Traditionally, simple investing meant investing in a index funds, securities that track the entire stock market or large sectors of it in a single low-cost investment. But even index investing isn’t that simple. There are thousands of index funds to choose from and index investors paying attention to their asset allocation strategy will likely end up with more than one or two funds that they then must monitor and rebalance periodically.
Betterment is a new investing platform that takes index investing and actually makes it simple. When Betterment launched a few years ago, the idea was so novel that I opened an account, which I still contribute to. Full disclosure: I also became an affiliate of Betterment, meaning if this concept intrigues you and you open an account, I get a few dollars in my online tip jar. If you choose to support our free content in that way, thanks!
How Betterment Works
Betterment bills itself as the “simplest, smartest way to invest.” We’ll leave “smartest” up for debate, but I don’t see how investing gets much simpler.
Rather than creating an online brokerage account and facing tens of thousands of investment choices, Betterment asks just one question: How much risk do you want in your portfolio?
Betterment then automatically invests your money into index funds, dividing your money between baskets of stocks and bonds based upon your risk tolerance.
For newbie investors, stocks, or equities, have the greatest chance of long-term appreciation, but are risky. The bond market, by contrast, offers more modest returns but less volatility. Smart investors create a portfolio of both stocks and bonds according to their desired risk tolerance. In general, the longer you have to invest before you need your money back, the more risk you can handle.
If that starts to get confusing, don’t worry, Betterment handles it all for you. When you create an account, Betterment also asks about your investment goals and recommends a risk profile. If you’re saving for a car in three years, you’ll get a lower recommended risk level than if you’re starting an IRA that you won’t need for 30 years.
Here’s what my Betterment account dashboard looks just minutes after opening an account:
Note that my initial deposit hasn’t cleared yet, but I did get a $25 account-opening bonus (see below). The dashboard is showing the aggressive 90% stocks/10% bonds portfolio I selected.
What Betterment Costs
Unlike brokerages which charge commissions every time you buy or sell a stock, Betterment assesses an annual fee—a percentage of your total portfolio. For example, Betterment’s fee is 0.35% for portfolios less than $10,000 (a full schedule is below). This is in line with what low-cost mutual funds charge.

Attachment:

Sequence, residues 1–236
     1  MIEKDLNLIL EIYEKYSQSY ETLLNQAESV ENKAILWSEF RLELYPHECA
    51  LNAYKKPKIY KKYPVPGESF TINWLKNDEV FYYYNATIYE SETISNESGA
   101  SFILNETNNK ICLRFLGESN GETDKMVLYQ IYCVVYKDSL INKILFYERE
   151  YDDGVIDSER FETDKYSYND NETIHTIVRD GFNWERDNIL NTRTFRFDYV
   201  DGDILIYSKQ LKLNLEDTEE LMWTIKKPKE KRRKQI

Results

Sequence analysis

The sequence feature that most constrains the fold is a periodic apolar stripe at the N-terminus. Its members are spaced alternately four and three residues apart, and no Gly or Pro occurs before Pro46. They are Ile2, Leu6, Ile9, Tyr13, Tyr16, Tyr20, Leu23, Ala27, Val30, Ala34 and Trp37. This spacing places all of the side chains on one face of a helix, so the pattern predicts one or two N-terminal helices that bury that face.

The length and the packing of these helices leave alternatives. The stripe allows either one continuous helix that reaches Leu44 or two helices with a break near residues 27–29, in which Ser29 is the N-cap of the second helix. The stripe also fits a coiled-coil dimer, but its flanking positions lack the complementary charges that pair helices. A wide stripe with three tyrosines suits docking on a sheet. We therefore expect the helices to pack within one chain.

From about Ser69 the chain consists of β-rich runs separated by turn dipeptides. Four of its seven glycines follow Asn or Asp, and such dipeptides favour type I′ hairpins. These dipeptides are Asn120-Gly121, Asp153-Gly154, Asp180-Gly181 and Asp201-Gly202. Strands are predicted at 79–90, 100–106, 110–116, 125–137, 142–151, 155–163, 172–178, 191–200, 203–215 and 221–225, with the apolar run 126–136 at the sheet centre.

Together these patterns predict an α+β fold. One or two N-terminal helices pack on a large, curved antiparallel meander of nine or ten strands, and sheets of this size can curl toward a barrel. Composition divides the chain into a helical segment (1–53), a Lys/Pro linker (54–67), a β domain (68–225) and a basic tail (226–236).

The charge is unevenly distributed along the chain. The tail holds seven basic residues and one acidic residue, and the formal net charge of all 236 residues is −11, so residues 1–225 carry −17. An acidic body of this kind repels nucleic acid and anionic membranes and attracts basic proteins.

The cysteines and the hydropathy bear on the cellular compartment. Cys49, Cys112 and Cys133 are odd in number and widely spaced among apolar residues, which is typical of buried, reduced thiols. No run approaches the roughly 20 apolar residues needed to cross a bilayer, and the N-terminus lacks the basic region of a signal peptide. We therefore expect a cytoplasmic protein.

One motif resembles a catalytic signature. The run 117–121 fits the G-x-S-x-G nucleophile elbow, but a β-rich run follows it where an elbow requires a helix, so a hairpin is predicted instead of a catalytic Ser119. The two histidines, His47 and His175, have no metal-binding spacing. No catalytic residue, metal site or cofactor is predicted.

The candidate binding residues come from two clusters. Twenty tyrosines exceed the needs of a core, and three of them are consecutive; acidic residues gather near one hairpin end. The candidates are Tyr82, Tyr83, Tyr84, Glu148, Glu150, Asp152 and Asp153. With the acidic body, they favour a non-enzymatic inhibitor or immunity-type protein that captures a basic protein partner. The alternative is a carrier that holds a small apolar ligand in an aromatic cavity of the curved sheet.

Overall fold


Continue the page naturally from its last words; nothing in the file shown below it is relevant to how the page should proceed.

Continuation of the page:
The catch is that you either need to set up an automatic investment of at least $100 a month or maintain a combined $10,000 account balance to avoid a $3 a month fee. (But of course, you should be automatically investing at least $100 a month anyway.)
Betterment’s fees seem fair, especially for new investors. Consider the fact that Betterment’s fee on a $5,000 portfolio is just $17.50 annually, and the percentage rate drops the more you have invested.
Why I like it
Studies show over and over again how miserable humans are at beating market average returns over the really long run. (A lot of people can beat the markets for a couple of years, a few lucky ones do it for five or ten years). Most investors have no business monkeying around with individual stocks and frequent trades. The vast majority of investors should be focusing on finding money to invest and investing it, not worrying about individual investments.
Secondly, Betterment may be an answer to this common question I receive:
Savings account interest rates suck, how can I earn a better return on my mid-term savings?
Although I think you should always have some cash for emergencies that is completely liquid in an FDIC insured savings account (no matter how paltry the interest rate), if you’re really hung up on returns, you might create a conservative Betterment portfolio and see if you can do better than your bank account.
Free months for new accounts
Betterment offers a few months of free investing based on how much you deposit:
- $1 – $4,999: 1 month free
- $5,000 – $24,999: 3 months free
- $25,000 – $99,999: 4 months free
- $100,000 and above: 6 months free
What do you think? Do you like what Betterment’s offering? Would you try it? Do you think it’s too simple? Share your thoughts in a comment.